“I realized that the same things that excite incarcerated individuals are the same things that excite my undergrads, as well as my middle and high school students that I work with,” he said. “They all like trying to figure out ways to express themselves. I saw a lot of the same arguments, of people thinking in similar ways. And I found that fascinating — it reiterated how much these are just people, they’re not just prisoners.”

Many of the incarcerated debaters, Schatz said, were quick to point out how much the program affected them and improved their days; based on this feedback alone, he hopes to expand. He plans to have 10 or 12 students next time, although this means some of the individuals who have already participated may not have a chance in the same way. Luckily, the team didn’t see it as a loss.

“They were all excited to get that experience to other people within the prison,” Schatz said. “They knew how much the experience gave them — the confidence to disagree with someone, to know that they could go up to a guard and express themselves in a way that would de-escalate the situation and have a greater likelihood of their voices being heard. At the same time, they do better at listening to what they’re being told, to figure out what they need to respond to and where wiggle room exists if there is some.”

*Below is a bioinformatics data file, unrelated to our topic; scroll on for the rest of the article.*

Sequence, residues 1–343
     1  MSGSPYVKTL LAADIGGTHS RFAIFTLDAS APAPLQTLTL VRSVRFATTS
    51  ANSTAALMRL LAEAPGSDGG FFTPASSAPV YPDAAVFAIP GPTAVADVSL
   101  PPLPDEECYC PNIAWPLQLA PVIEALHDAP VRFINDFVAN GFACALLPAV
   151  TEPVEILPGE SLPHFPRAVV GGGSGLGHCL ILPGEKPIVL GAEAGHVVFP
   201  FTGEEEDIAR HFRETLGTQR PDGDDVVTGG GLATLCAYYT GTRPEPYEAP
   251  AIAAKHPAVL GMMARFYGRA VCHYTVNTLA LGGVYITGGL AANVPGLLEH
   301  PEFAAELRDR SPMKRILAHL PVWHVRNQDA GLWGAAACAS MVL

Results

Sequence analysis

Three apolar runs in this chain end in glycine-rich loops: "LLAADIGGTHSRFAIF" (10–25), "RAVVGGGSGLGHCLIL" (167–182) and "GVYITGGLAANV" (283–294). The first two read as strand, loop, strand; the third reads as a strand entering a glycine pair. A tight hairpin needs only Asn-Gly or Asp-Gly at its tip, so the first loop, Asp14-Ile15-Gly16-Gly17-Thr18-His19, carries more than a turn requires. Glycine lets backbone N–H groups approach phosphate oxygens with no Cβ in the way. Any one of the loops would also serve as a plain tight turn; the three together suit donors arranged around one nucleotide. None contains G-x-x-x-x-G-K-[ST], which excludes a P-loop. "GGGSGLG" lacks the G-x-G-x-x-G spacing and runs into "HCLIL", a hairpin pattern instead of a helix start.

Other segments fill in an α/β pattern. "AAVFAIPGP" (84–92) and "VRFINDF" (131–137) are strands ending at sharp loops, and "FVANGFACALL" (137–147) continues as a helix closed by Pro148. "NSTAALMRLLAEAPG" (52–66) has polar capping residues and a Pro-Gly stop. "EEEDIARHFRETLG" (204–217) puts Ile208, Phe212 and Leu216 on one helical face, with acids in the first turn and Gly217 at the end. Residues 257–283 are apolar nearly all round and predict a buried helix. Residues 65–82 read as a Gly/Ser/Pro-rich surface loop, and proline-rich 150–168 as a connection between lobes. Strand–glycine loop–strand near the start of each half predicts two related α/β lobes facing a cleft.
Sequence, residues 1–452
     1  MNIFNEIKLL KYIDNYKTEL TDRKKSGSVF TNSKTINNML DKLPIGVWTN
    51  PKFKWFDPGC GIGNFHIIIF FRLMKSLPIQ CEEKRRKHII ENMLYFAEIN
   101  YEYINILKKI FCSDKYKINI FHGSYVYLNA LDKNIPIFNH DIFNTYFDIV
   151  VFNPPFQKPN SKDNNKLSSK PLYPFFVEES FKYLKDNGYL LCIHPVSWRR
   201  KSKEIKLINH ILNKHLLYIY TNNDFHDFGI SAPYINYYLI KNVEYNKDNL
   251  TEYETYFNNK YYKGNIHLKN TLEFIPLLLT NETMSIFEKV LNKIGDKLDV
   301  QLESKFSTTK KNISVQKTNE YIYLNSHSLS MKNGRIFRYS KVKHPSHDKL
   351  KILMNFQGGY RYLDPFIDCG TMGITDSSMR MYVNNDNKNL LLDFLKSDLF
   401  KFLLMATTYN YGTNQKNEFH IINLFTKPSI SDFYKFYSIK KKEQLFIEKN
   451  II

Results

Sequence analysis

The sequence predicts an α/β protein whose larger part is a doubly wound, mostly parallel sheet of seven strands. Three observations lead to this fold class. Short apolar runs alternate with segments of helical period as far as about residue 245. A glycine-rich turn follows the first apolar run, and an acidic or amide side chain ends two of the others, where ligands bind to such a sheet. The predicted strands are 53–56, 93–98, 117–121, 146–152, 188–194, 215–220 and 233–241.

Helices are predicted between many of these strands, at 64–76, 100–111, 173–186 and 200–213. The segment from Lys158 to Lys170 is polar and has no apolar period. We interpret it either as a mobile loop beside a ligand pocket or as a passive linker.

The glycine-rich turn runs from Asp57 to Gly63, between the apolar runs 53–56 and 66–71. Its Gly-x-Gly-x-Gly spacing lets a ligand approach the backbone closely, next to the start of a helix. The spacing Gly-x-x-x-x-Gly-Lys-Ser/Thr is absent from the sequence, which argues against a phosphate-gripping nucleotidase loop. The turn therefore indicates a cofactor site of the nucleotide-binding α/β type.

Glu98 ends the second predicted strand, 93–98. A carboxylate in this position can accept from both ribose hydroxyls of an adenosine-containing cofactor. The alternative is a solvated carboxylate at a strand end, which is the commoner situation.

Finally, the big day came: On Feb. 28, 2024, both Schatz and a team of Cornell debaters traveled to York, where a panel of coaches served as judges and the topic — whether the U.S. should adopt a nuclear no-first-use policy — was debated.

The York team debated for the “con” side, arguing that the U.S. should not change its calculated ambiguity policy — and won the debate on a 3-0 decision.

This spring season, nine prisons have participated in the debate circuit, and several more are scheduled to do so in the fall. New collegiate coaches continue to join the program, and the organization is committed to change both inside and outside the prison system.

“The societal perception of an incarcerated person as a prisoner, one irredeemable and to be cast off, can only be changed by allowing space for the general public to meet those within our prison systems and get to know them on a human level,” said LaMarr. “The NPDL creates a pathway for this by allowing anyone from the community to tune into these relevant policy debates and bear witness to the real humanity of incarcerated people.”

Schatz is adamant that it isn’t all about winning. Teaching people — whether middle schoolers, college students or incarcerated individuals — how to communicate effectively is its own reward. He says that using even/if statements and finding even one small thing to agree on, is the key to successful debate.

“It allows people to become more open to listening to you: Once you’ve shown that you’ve listened to them, they’re going to be a lot more receptive in day-to-day life. Even if it’s only a partial agreement, that little nod makes them more open to engaging with you in the parts that matter,” he said.

Schatz hopes that in the future, his Binghamton students will be able to join him as coaches or debaters against his NPDL teams, and that he can offer curriculum services in person at the Broome County Jail. In the meantime, he’ll keep with his tried-and-true, while infusing a bit of fun into the art form when he can.

“Outside of the competitive debate in my classes, my favorite debate game is ‘worst thing in the world’, where we argue about what the worst thing in the world could possibly be,” he said. “It could be younger siblings or nuclear war — I sometimes use Dots candy.”

To learn more about the NPDL, go to: